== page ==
Researchers begin to map inherited gene mutations in colorectal cancer.


In a group of patients diagnosed with colorectal cancer at 40 or younger, 1.3 percent of the patients carried germline TP53 gene mutations, although none of the patients met the clinical criteria for an inherited cancer syndrome associated with higher lifetime risks of multiple cancers, according to a study published by JAMA Oncology.

Li-Fraumeni syndrome is an inherited cancer syndrome usually characterized by germline TP53 mutations in which patients can develop early-onset cancers and have an increased risk for a wide array of other cancers including colorectal. The gene’s contribution to hereditary and early-onset colorectal cancer is needed for clinicians to counsel patients undergoing TP53 testing as part of a multigene risk assessment, according to the study background.

The researchers estimated the proportion of patients with early-onset colorectal cancer who carry germline TP53 mutations. Participants were recruited from the Colon Cancer Family Registry from 1998 through 2007 and were those individuals who were diagnosed with colorectal cancer at 40 or younger and lacked a known hereditary cancer syndrome.

Among 457 eligible patients, six (1.3 percent) of them carried germline missense TP53 alterations and none of the patients met the clinical criteria for Li-Fraumeni syndrome, according to the results. The team note the fraction of patients found to carry germline TP53 mutations was comparable with the proportion of inherited colorectal cancer thought to be attributable to APC gene mutations.

The team summise that with modern techniques for comprehensively genotyping cancer patients, interpreting such germline results will undoubtedly be a prominent challenge in the counseling and management of at-risk individuals.

Source:  JAMA Media

 

Pedigrees of 6 Participants With Early-Onset Colorectal Cancer Found to Carry Germline TP53 Alterations.  A-F, Panels represent patients 1 to 6, respectively; see Results section. BR indicates breast cancer; CO, colorectal cancer; MEL, melanoma; OTH, other cancer. Squares represent male family members, and circles represent female family members. Numbers represent age in years at diagnosis. The numbers and letters at the top of each panel indicate the specific germline TP53 mutation carried by the family described in each panel. Plus signs indicate that the individual was confirmed to carry the germline TP53 alteration. Shading indicates that the individual was affected with cancer. The arrowheads indicate the specific study participant for that family.  Germline TP53 Mutations in Patients With Early-Onset Colorectal Cancer in the Colon Cancer Family Registry.  Syngal et al 2015.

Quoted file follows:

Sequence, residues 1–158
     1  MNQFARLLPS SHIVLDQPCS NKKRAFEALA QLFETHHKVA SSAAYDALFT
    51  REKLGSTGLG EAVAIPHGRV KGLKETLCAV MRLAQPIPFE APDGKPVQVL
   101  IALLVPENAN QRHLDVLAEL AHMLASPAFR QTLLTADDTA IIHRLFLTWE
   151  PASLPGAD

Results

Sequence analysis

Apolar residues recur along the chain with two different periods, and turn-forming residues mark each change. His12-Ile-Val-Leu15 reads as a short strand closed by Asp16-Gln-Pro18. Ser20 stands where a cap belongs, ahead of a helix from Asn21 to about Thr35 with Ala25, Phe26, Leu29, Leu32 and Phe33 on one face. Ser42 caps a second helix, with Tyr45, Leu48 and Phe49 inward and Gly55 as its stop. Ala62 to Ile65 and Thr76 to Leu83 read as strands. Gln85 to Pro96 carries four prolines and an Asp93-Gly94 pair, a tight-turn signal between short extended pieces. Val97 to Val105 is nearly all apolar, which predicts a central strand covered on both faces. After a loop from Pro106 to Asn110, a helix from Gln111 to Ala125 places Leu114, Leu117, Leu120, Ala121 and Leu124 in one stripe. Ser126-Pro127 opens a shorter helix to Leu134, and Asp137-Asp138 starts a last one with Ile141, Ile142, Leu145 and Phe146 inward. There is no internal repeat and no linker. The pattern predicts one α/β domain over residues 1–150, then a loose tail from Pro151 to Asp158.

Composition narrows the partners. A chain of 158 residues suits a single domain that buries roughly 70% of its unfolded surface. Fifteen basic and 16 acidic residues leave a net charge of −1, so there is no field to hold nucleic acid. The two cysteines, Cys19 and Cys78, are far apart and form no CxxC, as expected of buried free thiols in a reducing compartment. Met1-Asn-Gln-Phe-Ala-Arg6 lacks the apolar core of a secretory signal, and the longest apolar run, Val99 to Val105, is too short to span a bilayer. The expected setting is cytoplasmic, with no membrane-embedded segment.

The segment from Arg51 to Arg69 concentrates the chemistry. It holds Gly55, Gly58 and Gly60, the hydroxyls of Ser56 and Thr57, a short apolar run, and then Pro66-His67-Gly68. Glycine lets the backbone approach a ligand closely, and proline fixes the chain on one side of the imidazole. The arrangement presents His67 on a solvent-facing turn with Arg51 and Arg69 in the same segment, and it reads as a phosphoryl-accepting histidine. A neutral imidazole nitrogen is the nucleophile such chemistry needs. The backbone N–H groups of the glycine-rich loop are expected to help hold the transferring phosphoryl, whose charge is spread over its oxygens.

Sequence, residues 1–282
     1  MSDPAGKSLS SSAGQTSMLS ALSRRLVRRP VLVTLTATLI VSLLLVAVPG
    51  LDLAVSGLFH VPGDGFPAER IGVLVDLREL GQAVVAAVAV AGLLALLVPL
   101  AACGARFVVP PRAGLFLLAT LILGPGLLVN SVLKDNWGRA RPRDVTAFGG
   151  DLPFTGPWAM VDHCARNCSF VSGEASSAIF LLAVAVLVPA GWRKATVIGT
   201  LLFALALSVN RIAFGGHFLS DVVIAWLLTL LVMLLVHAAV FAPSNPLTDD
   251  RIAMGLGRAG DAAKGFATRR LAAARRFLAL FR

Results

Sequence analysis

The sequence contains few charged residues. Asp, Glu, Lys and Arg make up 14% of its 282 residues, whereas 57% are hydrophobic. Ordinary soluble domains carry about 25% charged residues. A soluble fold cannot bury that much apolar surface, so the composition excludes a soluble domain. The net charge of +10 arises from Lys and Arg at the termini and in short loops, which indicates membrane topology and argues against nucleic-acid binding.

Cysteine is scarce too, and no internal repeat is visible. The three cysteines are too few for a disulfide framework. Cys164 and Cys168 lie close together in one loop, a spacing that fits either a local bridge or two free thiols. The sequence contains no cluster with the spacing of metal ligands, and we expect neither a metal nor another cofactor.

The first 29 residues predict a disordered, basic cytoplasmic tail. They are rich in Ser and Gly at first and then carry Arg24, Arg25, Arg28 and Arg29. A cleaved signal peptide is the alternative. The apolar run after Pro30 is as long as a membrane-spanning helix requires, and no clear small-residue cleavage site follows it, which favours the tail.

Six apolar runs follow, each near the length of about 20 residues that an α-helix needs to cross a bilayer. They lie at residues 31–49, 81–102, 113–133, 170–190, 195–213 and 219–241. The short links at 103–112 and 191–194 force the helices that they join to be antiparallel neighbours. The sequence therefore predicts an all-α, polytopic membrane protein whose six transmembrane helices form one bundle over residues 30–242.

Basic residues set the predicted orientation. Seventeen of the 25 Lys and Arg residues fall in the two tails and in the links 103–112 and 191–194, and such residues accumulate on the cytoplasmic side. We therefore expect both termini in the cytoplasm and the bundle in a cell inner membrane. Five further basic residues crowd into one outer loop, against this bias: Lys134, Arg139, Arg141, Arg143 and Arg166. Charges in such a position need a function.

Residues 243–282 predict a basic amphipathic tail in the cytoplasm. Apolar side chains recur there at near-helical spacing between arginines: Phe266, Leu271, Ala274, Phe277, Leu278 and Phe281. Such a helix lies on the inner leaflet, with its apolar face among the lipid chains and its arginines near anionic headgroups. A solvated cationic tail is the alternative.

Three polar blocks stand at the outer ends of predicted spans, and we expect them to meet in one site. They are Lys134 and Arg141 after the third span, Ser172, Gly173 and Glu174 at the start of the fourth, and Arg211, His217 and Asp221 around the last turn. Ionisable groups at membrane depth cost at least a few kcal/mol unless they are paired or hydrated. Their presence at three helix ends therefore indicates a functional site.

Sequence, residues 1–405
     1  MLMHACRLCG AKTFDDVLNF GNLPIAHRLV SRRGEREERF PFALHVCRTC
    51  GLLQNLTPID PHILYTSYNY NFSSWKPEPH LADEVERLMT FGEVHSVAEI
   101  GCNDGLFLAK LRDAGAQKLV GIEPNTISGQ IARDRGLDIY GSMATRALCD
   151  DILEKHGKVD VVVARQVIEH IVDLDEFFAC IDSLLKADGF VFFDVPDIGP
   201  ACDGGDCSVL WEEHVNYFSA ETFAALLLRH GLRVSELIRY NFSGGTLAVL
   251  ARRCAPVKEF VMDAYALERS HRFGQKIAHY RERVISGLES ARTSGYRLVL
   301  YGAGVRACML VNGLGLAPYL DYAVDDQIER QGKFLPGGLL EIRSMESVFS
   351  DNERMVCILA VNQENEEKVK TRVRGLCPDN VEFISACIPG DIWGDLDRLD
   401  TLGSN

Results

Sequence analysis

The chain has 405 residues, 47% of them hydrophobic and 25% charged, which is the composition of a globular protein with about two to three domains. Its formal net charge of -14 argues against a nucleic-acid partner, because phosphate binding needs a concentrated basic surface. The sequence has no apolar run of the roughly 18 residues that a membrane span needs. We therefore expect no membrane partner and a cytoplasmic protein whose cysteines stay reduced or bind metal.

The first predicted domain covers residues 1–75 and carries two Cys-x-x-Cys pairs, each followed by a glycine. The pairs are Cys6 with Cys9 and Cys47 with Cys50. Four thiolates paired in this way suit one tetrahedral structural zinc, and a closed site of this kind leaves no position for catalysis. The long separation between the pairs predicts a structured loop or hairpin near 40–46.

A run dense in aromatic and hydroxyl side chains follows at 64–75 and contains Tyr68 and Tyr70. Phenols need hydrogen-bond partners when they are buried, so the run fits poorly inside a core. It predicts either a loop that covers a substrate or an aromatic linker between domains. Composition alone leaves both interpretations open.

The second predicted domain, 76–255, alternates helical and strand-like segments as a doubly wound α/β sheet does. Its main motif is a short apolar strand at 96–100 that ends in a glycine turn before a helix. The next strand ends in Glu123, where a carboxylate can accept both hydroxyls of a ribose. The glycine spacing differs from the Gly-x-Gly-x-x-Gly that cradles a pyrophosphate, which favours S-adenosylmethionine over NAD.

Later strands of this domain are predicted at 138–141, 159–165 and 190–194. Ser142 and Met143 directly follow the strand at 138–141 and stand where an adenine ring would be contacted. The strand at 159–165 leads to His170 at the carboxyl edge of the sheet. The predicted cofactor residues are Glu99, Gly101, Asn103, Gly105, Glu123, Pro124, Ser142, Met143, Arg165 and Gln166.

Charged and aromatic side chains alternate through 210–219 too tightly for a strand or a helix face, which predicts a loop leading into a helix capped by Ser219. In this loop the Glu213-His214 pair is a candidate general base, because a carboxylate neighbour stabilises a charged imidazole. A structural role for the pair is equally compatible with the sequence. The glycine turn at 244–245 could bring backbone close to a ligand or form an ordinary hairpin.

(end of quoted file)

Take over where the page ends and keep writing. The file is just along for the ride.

Pedigrees of 6 Participants With Early-Onset Colorectal Cancer Found to Carry Germline TP53 Alterations. A-F, Panels represent patients 1 to 6, respectively; see Results section. BR indicates breast cancer; CO, colorectal cancer; MEL, melanoma; OTH, other cancer. Squares represent male family members, and circles represent female family members. Numbers represent age in years at diagnosis. The numbers and letters at the top of each panel indicate the specific germline TP53 mutation carried by the family described in each panel. Plus signs indicate that the individual was confirmed to carry the germline TP53 alteration. Shading indicates that the individual was affected with cancer. The arrowheads indicate the specific study participant for that family. Germline TP53 Mutations in Patients With Early-Onset Colorectal Cancer in the Colon Cancer Family Registry. Syngal et al 2015.

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